The California Court of Appeal (Second District) has ordered publication of an opinion affirming a judgment in yet another employee-misclassification case.
Garcia v. Seacon Logix, Inc., involved allegations of employee misclassification brought by four Port of Long Beach truck drivers for Seacon before the Division of Labor Standards Enforcement (“DLSE”). The DLSE found the drivers should have been classified as employees and not independent contractors. Seacon appealed the ruling to the Los Angeles Superior Court, where the court agreed with the DLSE. Seacon then appealed the trial court’s ruling, which was upheld by the Court of Appeal in an opinion certified for publication on July 30, 2015.
Important to the Court of Appeal’s opinion, as in any employee misclassification case, was the amount of control Seacon exercised over the drivers. The trial court found that the drivers credibly testified that Seacon tightly controlled the manner and means in which the work was performed, including controlling the drivers’ work hours, absences from work, delivery assignments, and use of trucks Seacon leased to them. The Court also gave short shrift to Seacon’s argument that agreements signed by the drivers defined them as independent contractors, observing that “the language in the agreement giving the drivers control over their work and describing them as independent contractors is not dispositive.”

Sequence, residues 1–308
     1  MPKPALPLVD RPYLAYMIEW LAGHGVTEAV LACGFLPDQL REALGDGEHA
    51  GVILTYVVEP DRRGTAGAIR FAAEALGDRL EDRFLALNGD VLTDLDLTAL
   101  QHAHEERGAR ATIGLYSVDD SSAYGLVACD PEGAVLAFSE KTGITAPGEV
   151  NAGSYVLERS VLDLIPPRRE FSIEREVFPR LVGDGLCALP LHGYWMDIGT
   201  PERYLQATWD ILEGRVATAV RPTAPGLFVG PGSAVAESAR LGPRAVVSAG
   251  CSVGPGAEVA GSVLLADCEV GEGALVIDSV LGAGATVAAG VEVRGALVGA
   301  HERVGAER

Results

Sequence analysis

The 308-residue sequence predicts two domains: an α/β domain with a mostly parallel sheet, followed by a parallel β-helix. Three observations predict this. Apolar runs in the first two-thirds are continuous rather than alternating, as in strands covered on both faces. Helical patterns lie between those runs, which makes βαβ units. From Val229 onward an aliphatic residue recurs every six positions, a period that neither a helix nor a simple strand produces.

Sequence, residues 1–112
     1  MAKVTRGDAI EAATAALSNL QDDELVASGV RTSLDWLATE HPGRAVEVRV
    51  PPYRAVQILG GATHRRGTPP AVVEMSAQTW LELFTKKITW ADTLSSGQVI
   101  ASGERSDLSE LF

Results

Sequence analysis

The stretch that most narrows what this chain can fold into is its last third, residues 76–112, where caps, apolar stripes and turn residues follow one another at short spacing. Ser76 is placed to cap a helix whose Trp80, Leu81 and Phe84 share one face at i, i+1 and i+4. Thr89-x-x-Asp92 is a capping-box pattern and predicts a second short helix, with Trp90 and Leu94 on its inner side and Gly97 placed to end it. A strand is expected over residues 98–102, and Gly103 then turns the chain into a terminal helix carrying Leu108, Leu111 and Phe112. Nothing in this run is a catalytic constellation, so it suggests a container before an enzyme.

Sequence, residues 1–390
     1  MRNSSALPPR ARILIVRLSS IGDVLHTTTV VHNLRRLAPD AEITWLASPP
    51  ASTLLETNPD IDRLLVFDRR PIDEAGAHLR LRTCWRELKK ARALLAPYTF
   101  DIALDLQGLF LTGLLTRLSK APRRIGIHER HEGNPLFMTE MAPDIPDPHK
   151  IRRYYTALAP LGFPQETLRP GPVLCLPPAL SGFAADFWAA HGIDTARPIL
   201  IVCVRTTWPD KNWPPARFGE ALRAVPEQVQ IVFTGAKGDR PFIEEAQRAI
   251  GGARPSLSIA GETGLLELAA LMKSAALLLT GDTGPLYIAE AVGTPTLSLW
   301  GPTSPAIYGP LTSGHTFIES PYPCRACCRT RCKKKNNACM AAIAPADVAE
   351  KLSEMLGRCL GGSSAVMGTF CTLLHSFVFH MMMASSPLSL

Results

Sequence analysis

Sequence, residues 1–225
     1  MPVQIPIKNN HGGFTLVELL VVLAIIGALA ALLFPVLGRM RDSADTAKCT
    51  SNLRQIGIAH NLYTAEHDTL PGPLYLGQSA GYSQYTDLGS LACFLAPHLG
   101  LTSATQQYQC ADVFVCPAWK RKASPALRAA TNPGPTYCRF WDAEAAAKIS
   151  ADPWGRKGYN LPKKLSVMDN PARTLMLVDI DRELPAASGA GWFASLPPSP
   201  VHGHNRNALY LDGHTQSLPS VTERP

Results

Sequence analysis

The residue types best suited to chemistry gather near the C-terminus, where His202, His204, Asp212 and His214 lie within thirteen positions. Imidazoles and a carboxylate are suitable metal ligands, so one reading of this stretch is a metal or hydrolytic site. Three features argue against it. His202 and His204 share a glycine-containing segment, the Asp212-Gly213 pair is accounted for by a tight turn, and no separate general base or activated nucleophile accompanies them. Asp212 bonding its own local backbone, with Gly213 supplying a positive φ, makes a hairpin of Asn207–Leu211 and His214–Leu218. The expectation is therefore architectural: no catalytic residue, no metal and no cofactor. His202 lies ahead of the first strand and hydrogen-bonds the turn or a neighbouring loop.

Employers and HR professionals utilizing independent contractors on a regular basis are advised to continually and diligently evaluate their independent contractor agreements, practices, and policies with their employment counsel to protect themselves against costly lawsuits.
The full opinion in Garcia v. Seacon Logix, Inc. can be found here.
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